Nahant residents protest Marine Science Center expansion


Chris Butler

Residents of Nahant, Massachusetts, traveled to Boston April 10 to deliver an open letter to Northeastern President Joseph E. Aoun, urging him to rethink the university’s proposed expansion of the Marine Science Center in the town’s East Point area.

More than 30 Nahant residents protested the expansion by pacing outside Aoun’s office, holding signs and chanting “save Nahant, keep it wild.” The demonstration was organized by Keep Nahant Wild, a group created to advocate against Northeastern’s plans, which include constructing a 60,000-square-foot building. The protesters, like Nahant resident Margaret Alexander, say Northeastern would be encroaching on the 1.24 square mile town if it goes through with construction.

“We were really disturbed recently to learn about a 60,000-square-foot facility that they want to put in what is very little open space in our tiny town,” Alexander said. “It seems like they don’t want us to know and they’re trying to sneak it in under our noses.”

A university spokesperson said Northeastern is proud of its work in Nahant, where the university has funded local educational programs, conservation and restoration projects and scholarships for town residents to attend the university.  

“The university is committed to working collaboratively with Nahant residents to ensure that our much-needed investments pose only minimal and short-term disruptions to the community,” the spokesperson said in a Feb. 28 email to The News.

The spokesperson declined to answer follow-up questions, saying the statement was the university’s only response at this time.

As protesters chanted, Nahant resident and Keep Nahant Wild member Jim Walsh presented the letter to John Tobin, Northeastern’s vice president of city and community affairs. Tobin accepted the letter in Aoun’s absence, and a copy with more than 1,000 signatures was also sent to Aoun and the Board of Trustees.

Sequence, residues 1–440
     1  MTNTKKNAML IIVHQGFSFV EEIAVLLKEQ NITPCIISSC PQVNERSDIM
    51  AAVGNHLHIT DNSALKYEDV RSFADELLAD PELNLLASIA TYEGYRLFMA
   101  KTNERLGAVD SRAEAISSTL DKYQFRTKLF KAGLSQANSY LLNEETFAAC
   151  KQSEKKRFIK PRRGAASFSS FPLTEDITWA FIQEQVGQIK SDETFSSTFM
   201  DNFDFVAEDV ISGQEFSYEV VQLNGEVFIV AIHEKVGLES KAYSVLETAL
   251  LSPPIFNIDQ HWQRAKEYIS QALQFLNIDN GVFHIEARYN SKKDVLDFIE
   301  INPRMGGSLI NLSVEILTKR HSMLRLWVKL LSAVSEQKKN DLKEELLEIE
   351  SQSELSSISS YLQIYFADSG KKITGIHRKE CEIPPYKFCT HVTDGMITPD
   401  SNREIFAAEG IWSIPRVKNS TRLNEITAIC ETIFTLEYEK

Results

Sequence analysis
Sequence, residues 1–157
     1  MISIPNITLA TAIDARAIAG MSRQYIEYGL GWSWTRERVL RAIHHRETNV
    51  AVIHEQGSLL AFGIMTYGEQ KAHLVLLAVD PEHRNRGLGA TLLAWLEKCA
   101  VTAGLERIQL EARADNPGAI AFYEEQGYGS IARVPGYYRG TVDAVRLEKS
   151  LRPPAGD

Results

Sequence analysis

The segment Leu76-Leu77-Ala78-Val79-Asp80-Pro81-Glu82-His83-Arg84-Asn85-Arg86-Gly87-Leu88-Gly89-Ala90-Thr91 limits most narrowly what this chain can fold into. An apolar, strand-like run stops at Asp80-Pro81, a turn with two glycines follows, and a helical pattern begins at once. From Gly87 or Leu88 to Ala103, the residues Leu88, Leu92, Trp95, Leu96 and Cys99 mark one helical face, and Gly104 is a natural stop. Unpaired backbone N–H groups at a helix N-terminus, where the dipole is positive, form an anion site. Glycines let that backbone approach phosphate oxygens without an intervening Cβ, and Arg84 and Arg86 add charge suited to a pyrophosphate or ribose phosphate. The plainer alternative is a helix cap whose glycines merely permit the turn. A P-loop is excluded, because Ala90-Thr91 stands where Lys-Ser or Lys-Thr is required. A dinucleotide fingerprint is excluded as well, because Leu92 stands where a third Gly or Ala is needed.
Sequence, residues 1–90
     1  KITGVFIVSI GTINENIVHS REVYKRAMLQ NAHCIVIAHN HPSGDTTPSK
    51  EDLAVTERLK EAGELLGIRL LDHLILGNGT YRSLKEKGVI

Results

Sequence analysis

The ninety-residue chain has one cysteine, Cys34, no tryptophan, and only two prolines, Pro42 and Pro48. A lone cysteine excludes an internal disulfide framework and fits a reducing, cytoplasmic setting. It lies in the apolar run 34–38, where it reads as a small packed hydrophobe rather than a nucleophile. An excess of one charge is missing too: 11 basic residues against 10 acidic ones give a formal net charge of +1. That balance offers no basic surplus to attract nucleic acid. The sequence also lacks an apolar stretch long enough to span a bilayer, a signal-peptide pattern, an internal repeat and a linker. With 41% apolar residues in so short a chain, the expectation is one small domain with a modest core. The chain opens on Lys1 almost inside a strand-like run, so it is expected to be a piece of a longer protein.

Walsh said residents are concerned with how the expansion will impact the wildlife in the proposed development area.

“They want to put glass and steel where we have snowy owls and foxes and butterflies and birds,” Walsh said. “It’s simply inappropriate.”

Northeastern’s Marine Science Center has existed in Nahant for 51 years, and has maintained a positive relationship with the community, said Justin Mahone, a resident and lobsterman in Nahant.

“I personally think it’s a lot of building for such a small town,” Mahone said. “It seems like they’re asking too much.”

Nahant is the smallest town in Massachusetts by land area, and Nahant resident Christoph Wald said its residents are further concerned with how the town’s existing infrastructure will support the expansion. He said many residents are questioning if the town has enough space and public transportation to account for incoming Northeastern faculty.

“The town infrastructure cannot support that,” Wald said. “I think they just set their mind on this space in Nahant because it’s such a beautiful spot.”

The new facility will not use seawater, so it is not necessary for the building to be located in Nahant, or even near the water. Despite offers from surrounding towns, including nearby Lynn, the university is going ahead with construction in Nahant.

“Lynn has particularly said they would roll the red carpet out for Northeastern,” Mahone said. “But they won’t go there.”

The protesters said they will continue to fight against Northeastern’s expansion, hoping the university will reconsider.

“This is the beginning of an effort that will not end until Northeastern rethinks their actions,” Walsh said.